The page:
Four reports in BusinessWorld last week seem to show a confusing investment environment of the Philippines:
1. “Foreign direct investments fall in March” (June 11).
2. “Investment pledges climb 40% in January-May” (June 12).
3. “Reforms eyed to boost FDI inflows” (June 13).
4. “Foreign funds to continue fleeing PHL stock market” (June 13).
So actual foreign direct investment (FDI) in early 2019 has fallen while pledges of FDIs at the Board of Investments (BoI) were up.
I checked the United Nations Conference on Trade and Development (UNCTAD) World Investment Report (WIR) 2019 to see trends in FDI inflows. The following trends are emerging over the past five years: (a) Global FDIs are declining; (b) FDIs in China, HK, and Singapore are flatlining; (c) FDIs in Vietnam, Thailand, Taiwan, Myanmar, Cambodia, Laos are rising; (d) FDIs in the Philippines are up-and-down (see table).
Japan, S. Korea, and Taiwan are sources or origins of FDIs, not destinations of FDIs. The Philippines is still far from becoming a net exporter of FDI.
During the UP School of Economics Alumni Association (UPSEAA) lecture held on June 14 at the Ark by UnionBank, InLife building, on Ayala Avenue, the lone speaker was Department of Trade and Industry (DTI) Secretary Ramon Lopez, himself a fellow alumnus. Sec. Lopez mentioned that among the promising areas for FDIs and top 12 investment priorities in the Philippines is the shipbuilding and ship repair (SBSR) sub-sector. His data showed that we are currently the 5th largest ship producer in the world based on gross tons, with nearly 2 million tons built in 2017. There are also 119 shipyards nationwide. As a regular passenger of roll-on roll-off (RoRo) boats in my annual local travels to Mindoro and Panay, Negros islands, this is good news to me. More big and modern boats, more competing shipping lines, more options for passengers.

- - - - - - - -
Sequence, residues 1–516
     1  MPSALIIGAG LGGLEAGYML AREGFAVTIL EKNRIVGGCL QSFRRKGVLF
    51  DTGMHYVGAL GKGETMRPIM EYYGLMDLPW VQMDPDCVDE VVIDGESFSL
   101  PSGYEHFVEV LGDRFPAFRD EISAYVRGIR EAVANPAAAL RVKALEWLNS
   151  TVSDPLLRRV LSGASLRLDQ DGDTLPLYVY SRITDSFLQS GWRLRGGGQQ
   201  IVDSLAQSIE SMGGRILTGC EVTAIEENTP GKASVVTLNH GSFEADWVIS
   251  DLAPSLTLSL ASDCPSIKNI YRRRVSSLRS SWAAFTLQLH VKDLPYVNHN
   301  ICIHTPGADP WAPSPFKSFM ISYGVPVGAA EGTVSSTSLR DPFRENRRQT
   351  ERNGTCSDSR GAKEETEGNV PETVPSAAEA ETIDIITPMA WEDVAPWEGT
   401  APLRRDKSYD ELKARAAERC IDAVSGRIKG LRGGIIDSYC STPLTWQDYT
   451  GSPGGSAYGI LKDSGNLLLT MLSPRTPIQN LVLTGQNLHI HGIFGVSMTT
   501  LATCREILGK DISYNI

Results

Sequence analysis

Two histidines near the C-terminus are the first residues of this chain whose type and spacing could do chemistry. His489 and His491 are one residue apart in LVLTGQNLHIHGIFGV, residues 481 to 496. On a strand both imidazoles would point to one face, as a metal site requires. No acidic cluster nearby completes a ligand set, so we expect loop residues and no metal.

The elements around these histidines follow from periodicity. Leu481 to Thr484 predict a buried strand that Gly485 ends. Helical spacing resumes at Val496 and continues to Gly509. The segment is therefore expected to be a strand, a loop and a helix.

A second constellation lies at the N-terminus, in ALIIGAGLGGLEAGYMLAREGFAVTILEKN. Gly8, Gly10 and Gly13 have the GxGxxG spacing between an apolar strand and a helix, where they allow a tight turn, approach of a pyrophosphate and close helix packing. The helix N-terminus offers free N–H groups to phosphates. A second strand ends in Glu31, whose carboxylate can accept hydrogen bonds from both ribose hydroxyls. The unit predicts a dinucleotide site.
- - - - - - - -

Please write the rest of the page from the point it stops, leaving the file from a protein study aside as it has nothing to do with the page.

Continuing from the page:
Sec. Lopez also mentioned on several occasions the need to liberalize the Public Service Act (PSA), amend the Foreign Investments Act (FIA), and Foreign Investment Negative List (FINL) to further attract more FDIs into the country. True, the transportation sector (land, sea, and air) should be opened up to more foreign capital.
Another report in BusinessWorld titled “Japanese businesses cite martial law, lack of direct flights as main Mindanao issues” (June 13) corroborates this necessity. Some Japanese investors want to develop a flower farm in Mindanao and transport the flowers, some of which are “very expensive,” to Japan but there are not enough airlines that serve this route.
The market-oriented reforms for efficiency (MORE) that the incoming Congress this July should prioritize are PSA, FIA, and FINL liberalization and related measures. These will greatly help address the investment gap, which will create more jobs and expand more choices in services for passengers and consumers.
Bienvenido S. Oplas, Jr. is the president of Minimal Government Thinkers.